School Board Reviews $34 Million In Projects

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The Payson School Board on Monday received a final accounting of how the district spent nearly $34 million in bond money voters approved in 2006.

“I’m just so grateful to the community for this support,” said board president Barbara Underwood.

The bulk of the money financed a $17 million renovation of Julia Randall Elementary School, including $14 million to replace existing buildings and upgrade the grounds and build athletic facilities.

Another $9 million went to upgrade Rim Country Middle School, including $5.5 million for building replacement and new facilities.

The bond issue also paid for $4.8 million in renovations at the high school, but only about $356,000 at Payson Elementary School.

The district also spent $676,000 on Frontier Elementary School, which the board voted to close this year to help close a $1 million budget deficit in the face of declining enrollment and dwindling state support.

Voters approved the bond issue supported by an extra charge on their property tax back in 2006, in the shadow of a frantic building boom that saw Payson adding about 200 to 300 homes each year.

The district spent the bulk of the money in 2008 and 2009 — about $22 million — just as the recession hit.

Almost overnight, the Rim Country housing market collapsed. Payson went from adding 300 homes a year to less than five in each of the past three years.

The district’s enrollment immediately began to decline, dropping by 50 to 100 students annually. Last year, that decline cost the district about $600,000 in state payments — accounting for more than half of the deficit.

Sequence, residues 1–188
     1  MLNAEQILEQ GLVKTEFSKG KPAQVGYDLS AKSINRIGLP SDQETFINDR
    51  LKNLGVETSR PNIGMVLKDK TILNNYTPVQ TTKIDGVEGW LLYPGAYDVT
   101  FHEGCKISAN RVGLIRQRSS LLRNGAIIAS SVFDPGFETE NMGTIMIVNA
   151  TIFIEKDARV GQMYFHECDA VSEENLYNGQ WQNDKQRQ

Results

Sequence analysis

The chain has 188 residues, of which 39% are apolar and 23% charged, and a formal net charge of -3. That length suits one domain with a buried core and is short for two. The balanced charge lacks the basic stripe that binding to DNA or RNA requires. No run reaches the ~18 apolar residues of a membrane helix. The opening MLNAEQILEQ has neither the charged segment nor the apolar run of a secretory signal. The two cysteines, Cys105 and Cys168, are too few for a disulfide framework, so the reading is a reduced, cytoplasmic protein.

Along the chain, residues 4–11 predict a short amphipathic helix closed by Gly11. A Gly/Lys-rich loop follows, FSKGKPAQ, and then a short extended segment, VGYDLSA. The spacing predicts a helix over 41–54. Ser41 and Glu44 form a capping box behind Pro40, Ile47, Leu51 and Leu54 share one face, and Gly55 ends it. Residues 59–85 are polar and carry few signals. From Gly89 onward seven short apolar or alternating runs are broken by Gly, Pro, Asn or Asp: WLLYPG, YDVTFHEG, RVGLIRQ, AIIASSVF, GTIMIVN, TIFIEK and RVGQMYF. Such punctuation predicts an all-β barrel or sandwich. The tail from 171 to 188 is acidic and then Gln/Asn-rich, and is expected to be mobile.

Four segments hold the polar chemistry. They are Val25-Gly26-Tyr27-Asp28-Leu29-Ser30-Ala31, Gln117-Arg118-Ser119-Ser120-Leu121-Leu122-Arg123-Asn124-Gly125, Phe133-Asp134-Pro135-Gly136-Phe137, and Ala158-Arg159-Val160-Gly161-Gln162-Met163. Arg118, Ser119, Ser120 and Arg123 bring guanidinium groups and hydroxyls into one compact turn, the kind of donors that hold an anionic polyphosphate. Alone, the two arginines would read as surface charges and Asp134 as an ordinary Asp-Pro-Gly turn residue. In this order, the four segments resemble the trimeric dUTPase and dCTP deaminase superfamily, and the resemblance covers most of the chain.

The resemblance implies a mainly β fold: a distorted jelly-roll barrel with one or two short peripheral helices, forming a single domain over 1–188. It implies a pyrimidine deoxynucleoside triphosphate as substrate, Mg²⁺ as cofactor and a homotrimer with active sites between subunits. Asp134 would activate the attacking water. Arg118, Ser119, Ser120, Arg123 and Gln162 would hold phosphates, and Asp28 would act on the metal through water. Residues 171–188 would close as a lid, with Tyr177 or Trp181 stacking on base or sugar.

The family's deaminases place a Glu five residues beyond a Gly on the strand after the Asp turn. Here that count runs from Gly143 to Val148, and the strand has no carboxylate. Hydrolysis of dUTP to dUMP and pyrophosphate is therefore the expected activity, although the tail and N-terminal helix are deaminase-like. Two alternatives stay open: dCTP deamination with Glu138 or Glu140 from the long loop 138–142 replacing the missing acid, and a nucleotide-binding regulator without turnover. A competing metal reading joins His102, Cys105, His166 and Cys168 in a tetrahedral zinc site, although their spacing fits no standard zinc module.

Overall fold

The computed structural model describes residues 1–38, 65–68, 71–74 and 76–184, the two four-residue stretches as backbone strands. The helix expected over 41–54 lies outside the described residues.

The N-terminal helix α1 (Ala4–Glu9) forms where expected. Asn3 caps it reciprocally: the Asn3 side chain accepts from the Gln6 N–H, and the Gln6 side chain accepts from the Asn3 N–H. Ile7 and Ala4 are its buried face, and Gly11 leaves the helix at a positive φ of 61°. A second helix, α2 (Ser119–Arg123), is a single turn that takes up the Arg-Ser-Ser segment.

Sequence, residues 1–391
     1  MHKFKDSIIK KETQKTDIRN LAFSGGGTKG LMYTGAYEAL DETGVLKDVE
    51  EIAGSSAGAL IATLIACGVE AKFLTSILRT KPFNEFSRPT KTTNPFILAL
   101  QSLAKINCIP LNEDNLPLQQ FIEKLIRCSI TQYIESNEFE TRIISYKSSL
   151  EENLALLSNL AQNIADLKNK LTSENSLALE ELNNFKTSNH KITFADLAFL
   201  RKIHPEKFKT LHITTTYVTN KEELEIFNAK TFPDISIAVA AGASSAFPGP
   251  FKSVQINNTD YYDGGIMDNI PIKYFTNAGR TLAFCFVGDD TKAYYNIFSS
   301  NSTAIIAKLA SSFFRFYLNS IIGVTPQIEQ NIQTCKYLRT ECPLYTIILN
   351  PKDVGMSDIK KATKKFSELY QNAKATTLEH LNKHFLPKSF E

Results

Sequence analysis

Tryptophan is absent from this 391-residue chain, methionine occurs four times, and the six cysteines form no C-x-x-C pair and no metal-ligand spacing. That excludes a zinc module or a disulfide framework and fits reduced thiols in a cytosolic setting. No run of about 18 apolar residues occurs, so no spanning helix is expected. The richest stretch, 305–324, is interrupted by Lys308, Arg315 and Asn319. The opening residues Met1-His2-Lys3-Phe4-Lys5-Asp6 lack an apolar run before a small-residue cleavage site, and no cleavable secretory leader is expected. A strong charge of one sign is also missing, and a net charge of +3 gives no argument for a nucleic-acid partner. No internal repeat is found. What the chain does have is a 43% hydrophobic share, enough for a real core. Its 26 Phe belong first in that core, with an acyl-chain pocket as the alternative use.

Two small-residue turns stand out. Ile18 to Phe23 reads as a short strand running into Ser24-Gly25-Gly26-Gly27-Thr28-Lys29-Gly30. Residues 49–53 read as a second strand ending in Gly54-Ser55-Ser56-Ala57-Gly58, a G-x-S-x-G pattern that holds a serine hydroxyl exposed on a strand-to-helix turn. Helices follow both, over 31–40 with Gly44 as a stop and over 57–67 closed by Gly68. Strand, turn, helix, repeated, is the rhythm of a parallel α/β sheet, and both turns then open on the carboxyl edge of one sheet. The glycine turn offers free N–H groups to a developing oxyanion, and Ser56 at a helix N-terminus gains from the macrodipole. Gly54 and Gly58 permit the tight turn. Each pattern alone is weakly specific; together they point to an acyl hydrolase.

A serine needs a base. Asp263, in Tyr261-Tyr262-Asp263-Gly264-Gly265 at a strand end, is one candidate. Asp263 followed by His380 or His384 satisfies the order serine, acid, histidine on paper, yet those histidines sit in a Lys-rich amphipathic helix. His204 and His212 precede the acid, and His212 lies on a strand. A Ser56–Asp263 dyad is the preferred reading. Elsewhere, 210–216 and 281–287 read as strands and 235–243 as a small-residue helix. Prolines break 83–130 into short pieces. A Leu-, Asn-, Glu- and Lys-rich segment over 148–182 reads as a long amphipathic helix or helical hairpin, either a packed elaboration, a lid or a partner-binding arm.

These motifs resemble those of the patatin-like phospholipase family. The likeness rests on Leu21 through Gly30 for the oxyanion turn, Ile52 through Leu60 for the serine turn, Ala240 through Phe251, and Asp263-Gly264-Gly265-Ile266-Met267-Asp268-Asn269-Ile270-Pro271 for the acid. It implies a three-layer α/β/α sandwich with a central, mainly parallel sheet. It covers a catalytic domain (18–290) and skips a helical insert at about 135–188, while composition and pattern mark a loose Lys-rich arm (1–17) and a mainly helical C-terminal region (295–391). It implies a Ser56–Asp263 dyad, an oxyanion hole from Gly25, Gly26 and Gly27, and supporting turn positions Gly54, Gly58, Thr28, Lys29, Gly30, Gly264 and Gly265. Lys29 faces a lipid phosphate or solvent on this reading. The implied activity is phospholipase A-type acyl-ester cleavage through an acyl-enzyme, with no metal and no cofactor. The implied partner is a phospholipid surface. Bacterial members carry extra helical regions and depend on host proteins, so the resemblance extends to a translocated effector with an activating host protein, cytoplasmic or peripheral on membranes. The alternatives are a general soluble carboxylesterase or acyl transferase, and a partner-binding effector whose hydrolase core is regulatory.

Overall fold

The decline in state support, miscalculations by the district and action by the Legislature to boost local property taxes to compensate for a statewide plunge in property values all combined to boost the district’s property tax rate by a sobering 50 percent this year, a bill that’s just hitting many homeowners.

Student statistics compiled by the district have demonstrated that the recession and collapse of the construction industry had a devastating impact on the community’s young families. The percentage of low-income students in the district rose from just more than 40 percent to a stunning 70 percent this year.

The district has mothballed Frontier Elementary School for now, unsure whether to sell the site or hold onto it in case the town resumes growth.

Payson’s general plan envisions a build-out population of about 38,000, compared to the present population of maybe 15,000. If the town manages to strike a deal to build a four-year university here, growth may get a jump-start. However, the population would have to grow by 1,000 to 2,000 people just to get back to the population here before the recession.

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